DISPOSABLE $100 IOT SATELLITES COULD SWARM EARTH'S ORBIT - Tiny cheap satellites, self-organizing and communicating as a group, could shift the internet of things (IoT) to space. The postage-stamp-sized devices, acting as sensors, just like the ones we see in traditional IoT networks could perform tasks such as mapping or studying Earth, say scientists involved in a recent successful launch of the disposable nanosatellites.
The test satellites, essentially just sensors, were deployed in a batch in March. They captured data, communicated with one another, and then after a couple of days in orbit, as was planned, burned up as they reentered the atmosphere. More
(Source: Network World - Jun 21)
RUSSIA TO LAUNCH SCIENCE MISSION PROBING DARK ENERGY - A Russian-built satellite hosting an array of X-ray telescopes is awaiting launch Friday from the Baikonur Cosmodrome in Kazakhstan on a mission to measure the mass and distance of colossal clusters of galaxies throughout the universe.
The X-ray observatory, designated Spektr-RG, is scheduled to blast into space on top of a Russian Proton rocket at 1217:14 GMT (8:17:14 a.m. EDT; 5:17:14 p.m. Baikonur time) Friday to kick off Russia’s most prominent space science mission in seven years. More
(Source: SpaceFlight Now - Jun 21)
THE SATELLITE WITH X-RAY VISION - In the early hours of October 23, 2011, ROSAT was engulfed in the waves of the Indian Ocean. This was the end of a success story that is unparalleled in German space exploration research. The satellite, developed and built by a team led by Joachim Trümper from the Garchingbased Max Planck Institute for Extraterrestrial Physics, not only found more than 150,000 new cosmic X-ray sources, it also revolutionized astronomy. More
(Source: Phys.org - Jun 20)
THIS IS WHAT 2 DOZEN SATELLITES LOOK LIKE PACKED FOR LAUNCH ON A SPACEX FALCON HEAVY - SpaceX is gearing up for its busiest Falcon Heavy megarocket launch yet and now, thanks to the U.S. Air Force, we know what the epic rideshare looks like.
When the next SpaceX Falcon Heavy launches on Monday (June 24) from NASA's historic Pad 39A at the Kennedy Space Center in Florida, the heavy-lift rocket will be carrying 24 different satellites for the Air Force's Space Test Program-2 mission. If you're wondering what two dozen satellites look like inside a Falcon Heavy nose cone, wonder no more. More
(Source: Space.com - Jun 20)
NOAA READIES FOR COSMIC-2 SATELLITE LAUNCH - COSMIC-2, a mission of six satellites designed to improve weather forecasts and space weather monitoring, is set to launch no earlier than June 24 from Cape Canaveral, Florida, aboard a SpaceX Falcon Heavy rocket.
The satellites, flying on the U.S. Air Force’s Space Test Program-2 mission, are known as the Constellation Observing System for Meteorology, Ionosphere and Climate (COSMIC-2). This mission is a partnership between the American Institute in Taiwan (AIT) and the Taipei Economic and Cultural Representative Office in the United States (TECRO) with NOAA and the Taiwan National Space Organization (NSPO), as designated representatives. More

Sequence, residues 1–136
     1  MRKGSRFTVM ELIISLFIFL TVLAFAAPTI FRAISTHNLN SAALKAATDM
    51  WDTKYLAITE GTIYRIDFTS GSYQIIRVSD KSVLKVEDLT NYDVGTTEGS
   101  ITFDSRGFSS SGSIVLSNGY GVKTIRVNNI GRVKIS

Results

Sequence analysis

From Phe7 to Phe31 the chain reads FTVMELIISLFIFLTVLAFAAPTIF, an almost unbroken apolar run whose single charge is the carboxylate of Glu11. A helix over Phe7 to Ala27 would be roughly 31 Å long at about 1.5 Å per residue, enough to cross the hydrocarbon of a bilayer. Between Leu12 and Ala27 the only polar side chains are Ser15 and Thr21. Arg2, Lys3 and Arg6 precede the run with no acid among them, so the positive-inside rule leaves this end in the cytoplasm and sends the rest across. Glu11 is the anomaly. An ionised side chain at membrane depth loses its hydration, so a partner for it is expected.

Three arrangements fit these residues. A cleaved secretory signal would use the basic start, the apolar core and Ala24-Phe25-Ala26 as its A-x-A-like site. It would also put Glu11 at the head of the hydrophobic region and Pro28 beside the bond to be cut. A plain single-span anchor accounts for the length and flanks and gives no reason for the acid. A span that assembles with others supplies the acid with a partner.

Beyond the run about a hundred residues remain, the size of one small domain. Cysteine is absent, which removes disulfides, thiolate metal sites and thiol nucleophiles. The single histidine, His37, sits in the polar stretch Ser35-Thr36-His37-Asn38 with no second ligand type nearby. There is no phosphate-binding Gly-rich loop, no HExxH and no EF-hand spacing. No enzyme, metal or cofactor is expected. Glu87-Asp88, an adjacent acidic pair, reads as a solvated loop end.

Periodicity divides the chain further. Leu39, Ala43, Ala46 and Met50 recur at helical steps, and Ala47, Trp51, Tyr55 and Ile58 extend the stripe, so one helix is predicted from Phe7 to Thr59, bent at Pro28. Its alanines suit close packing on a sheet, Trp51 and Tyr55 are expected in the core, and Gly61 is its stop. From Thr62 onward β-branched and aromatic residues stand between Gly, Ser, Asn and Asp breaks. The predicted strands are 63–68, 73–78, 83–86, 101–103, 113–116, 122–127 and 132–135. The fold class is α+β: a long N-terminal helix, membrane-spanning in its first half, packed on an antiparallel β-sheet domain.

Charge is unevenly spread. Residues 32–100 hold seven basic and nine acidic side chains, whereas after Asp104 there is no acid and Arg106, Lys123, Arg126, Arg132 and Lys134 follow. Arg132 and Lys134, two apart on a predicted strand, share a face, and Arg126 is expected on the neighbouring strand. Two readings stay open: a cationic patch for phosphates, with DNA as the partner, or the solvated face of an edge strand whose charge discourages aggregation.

(Source: WeatherNation - Jun 19)
WATCH A CHUNK OF SATELLITE MELT LIKE A MARSHMALLOW ON FIRE - Space junk is a worrisome problem, especially when wayward bits of technology survive reentry and land back on Earth as angry hunks of debris. European Space Agency researchers wanted to learn more about how satellites burn up during reentry, so they fried a satellite chunk in a plasma wind tunnel to see what happens. The footage is impressive. More
(Source: CNET - Jun 19)
FIREFLY OFFERING FREE LAUNCH FOR RESEARCH AND EDUCATIONAL PAYLOADS - Firefly Aerospace is asking academic institutions, startup companies and the public to submit ideas for payloads to launch, free of charge, on the inaugural orbital flight of the company’s Alpha rocket next year from Vandenberg Air Force Base in California. The Texas-based launch company said the initiative to host academic and educational payloads on the first Alpha launch will promote education in Science, Technology, Engineering and Math disciplines. More
(Source: SpaceFlight Now - Jun 19)
SPACEX EXPLOSION A SET BACK FOR INTERNATIONAL SPACE STATION - NASA CHIEF - NASA Administrator Jim Bridenstine says the explosion that destroyed a SpaceX astronaut taxi in April will "no doubt" delay NASA's drive to return Americans to the International Space Station from U.S. soil later this year.
Speaking at the Paris Air Show in Le Bourget this Tuesday, Bridenstine stopped short of offering a clear flight timeline for its multibillion-dollar Commercial Crew Program, and said he would not prejudge the results of an investigation into the incident. More
(Source: RFI - Jun 19)
PROTON ROCKET, RUSSIAN-GERMAN ASTRONOMY SATELLITE ARRIVE AT LAUNCH PAD - A rocket-transporting railroad car ferried a Proton booster to its launch pad Friday at the Baikonur Cosmodrome in Kazakhstan for final checkouts and testing before the vehicle’s scheduled June 21 liftoff with the Russian-German Spektr-RG X-ray telescope.
The Proton rocket began the trip to the Complex 81 launch pad Friday at around 6:30 a.m. local time in Kazakhstan. After pulling up to the pad, a hydraulic lift raised the rocket vertical, and ground crews moved a mobile gantry around the launcher to provide access for workers to complete inspections, testing and closeouts before next week’s launch. More
(Source: SpaceFlight Now - Jun 17)